Dan Beaty Steve, it would be hard to say about the majority. Those I have been in contact with have a healthy view of leadership. IMO, even some of those who deny leaders can be controlling, just in a different way.
June 9 at 8:55am · Unlike · 1
Alan Garrett I agree house churches are biblical. But you cannot say that bigger buildings are not biblical. The early believers also met in other buildings like the Hall of Tyrannus, the Temple and synagogues. And, yes I realize that many synagogues were in small settings that were house-like.
June 9 at 8:24pm · Edited · Like
Dan Beaty Alan, I agree that larger buildings can be biblical. I do believe that they can become a hindrance in our day, when we change the way we relate to one another in them.
June 9 at 7:06pm · Like · 3
Alan Garrett Dan Beaty Yes. Agreed.
June 9 at 8:24pm · Like
Ian Vincent There's a vast difference between a Christian who believes what the NT says concerning the church, but due to circumstance has not yet been able to participate in a mature expression of a NT church, and the "Christian" who denies what scripture says pertaining to the church. These are two totally different species of people.
June 9 at 9:08pm · Like
Timothy Halls "A mature expression of a NT church". Do you mean the church in Corinth or the one in Colossae? Or maybe you mean Ephesus where Timothy worked?
June 9 at 9:11pm · Like
Ian Vincent The building or place of meeting should be neutral ground. That is, it doesn't become an issue as to who owns or controls the building. This is why rented buildings are safer than church owned. The shape or size is irrelevant. If people see the building as having spiritual significance, that is a big problem.
June 9 at 9:13pm · Unlike · 1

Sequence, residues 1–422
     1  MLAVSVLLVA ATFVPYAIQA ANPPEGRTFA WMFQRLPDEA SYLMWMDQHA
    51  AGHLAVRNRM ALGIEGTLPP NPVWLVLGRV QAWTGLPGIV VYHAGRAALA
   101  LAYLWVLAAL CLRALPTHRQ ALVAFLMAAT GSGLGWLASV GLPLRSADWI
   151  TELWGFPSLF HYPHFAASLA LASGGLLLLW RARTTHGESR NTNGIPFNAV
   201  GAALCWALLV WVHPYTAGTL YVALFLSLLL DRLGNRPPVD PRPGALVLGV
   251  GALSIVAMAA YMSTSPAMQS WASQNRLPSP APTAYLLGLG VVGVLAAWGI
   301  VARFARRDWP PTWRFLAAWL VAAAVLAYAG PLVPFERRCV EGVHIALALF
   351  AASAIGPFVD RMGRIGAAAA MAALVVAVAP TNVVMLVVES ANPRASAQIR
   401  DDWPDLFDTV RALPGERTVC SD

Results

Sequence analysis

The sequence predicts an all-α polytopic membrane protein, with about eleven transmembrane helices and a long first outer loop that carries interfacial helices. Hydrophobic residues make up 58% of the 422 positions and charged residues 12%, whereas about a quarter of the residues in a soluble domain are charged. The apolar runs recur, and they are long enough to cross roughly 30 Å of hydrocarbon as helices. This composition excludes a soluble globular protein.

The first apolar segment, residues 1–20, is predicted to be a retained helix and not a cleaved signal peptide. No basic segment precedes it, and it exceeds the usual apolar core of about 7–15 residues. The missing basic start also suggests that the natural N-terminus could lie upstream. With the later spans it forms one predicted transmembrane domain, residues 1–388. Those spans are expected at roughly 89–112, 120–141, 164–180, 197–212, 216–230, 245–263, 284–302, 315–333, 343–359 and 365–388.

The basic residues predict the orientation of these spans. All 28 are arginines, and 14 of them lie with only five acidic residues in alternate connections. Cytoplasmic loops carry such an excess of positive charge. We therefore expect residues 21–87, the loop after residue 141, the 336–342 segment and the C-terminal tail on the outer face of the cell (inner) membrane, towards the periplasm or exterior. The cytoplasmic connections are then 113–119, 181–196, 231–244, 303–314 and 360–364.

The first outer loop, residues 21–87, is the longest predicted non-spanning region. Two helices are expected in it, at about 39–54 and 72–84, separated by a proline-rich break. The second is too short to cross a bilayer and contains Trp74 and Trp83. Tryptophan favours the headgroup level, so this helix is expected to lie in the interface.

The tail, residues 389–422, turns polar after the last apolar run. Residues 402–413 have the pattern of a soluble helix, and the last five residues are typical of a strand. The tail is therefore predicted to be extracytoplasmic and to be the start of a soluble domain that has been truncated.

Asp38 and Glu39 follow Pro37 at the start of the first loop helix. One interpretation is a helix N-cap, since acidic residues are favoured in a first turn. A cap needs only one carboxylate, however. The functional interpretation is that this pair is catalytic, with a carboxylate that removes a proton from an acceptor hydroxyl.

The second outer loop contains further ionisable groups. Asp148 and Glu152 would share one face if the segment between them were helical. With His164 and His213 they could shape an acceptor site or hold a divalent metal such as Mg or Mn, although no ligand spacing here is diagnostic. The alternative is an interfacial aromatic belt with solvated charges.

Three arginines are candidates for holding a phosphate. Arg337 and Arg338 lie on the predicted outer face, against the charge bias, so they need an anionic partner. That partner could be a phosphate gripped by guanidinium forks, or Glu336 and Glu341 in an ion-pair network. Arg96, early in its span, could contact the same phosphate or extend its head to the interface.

Wayne ODonnell Alan, meeting at the Temple was temporary until the persecutions began, right? And I know that Paul went "to the Jew first" Rom1 in every new city he evangelized, and then after the local Jewish people rejected the message he went to the Gentiles in that city, but I don't know of any passage to imply that the believers could have the Lord's supper or a 1Cor 11-14 gathering in a synagogue. The synagogue Jews were probably the ones that "concerning the gospel they are enemies for your sake" Rom11:28, at that time. And Paul's teaching in the hall of Tyrannus sounds like an evangelistic outreach to me, even if he taught Christians there in public also as an outreach. I don't see any signs of church gatherings in the passage, do you?
June 9 at 9:17pm · Edited · Like
Timothy Halls Wayne, most of the believers in the churches where Paul went would not have been allowed in the temple. Acts 21:17-36
June 9 at 9:18pm · Like
Ian Vincent Dan said: "they can become a hindrance in our day, when we change the way we relate to one another in them." ........ Spot on!
June 9 at 9:24pm · Unlike · 2
Wayne ODonnell Dan, "we swung to the extreme at first" - you mean house churches went too far in the other direction from abusive eldership patterns? "You can't liberate some by binding others," could you maybe say a little more about this?
June 9 at 9:34pm · Like
Ian Vincent Paul "dialogued" daily in the Hall of Tyrannus during their lunch break. Yes, it was Paul's teaching meeting, not a regular church meeting.
June 9 at 9:37pm · Like
Beaty Wayne, I was speaking of our specific situation,
but I have found others who followed the same pattern. It is too long a story
for right now, but I would like to clarify the latter statement.
Many voices in the HC movement were calling for an end to teachers and preachers. We had become weary of preaching dominating meetings ourselves, but silencing those gifts does not automatically energize others. I have always been for the functioning of all of the members in the body of Christ, including those whose gifts are to lead, or instruct the younger ones.
It is not either/or in this case, according to NT Scripture.
June 9 at 10:15pm · Unlike · 2
Beaty Ian, There is an interesting little book by
Watchman Nee entitled, "Assembling Together," that describes the
different types of meeting in the NT. I need to read it again myself.
June 9 at 10:22pm · Edited · Unlike · 1
Ian Vincent Thanks bro. I read the whole of Nee's works years back. Solid stuff.
June 9 at 10:37pm · Unlike · 1
Alan Garrett WayneO'DONNELL Paul taught there for two years. It was more than an evangelistic outreach. I really like house churches. But you cannot just dismiss meeting at the temple as a temporary thing. The only reason they stopped meeting there is because they were kicked out. Early Christianity was a part of Judaism for a number of years. They were not even called Christians till the Church exploded in Antioch. Jesus held both large and small gatherings. So you cannot say large church meetings are not biblical. If I had to through out one...I would through out larger meetings. But it is not accurate to say they are not Biblical.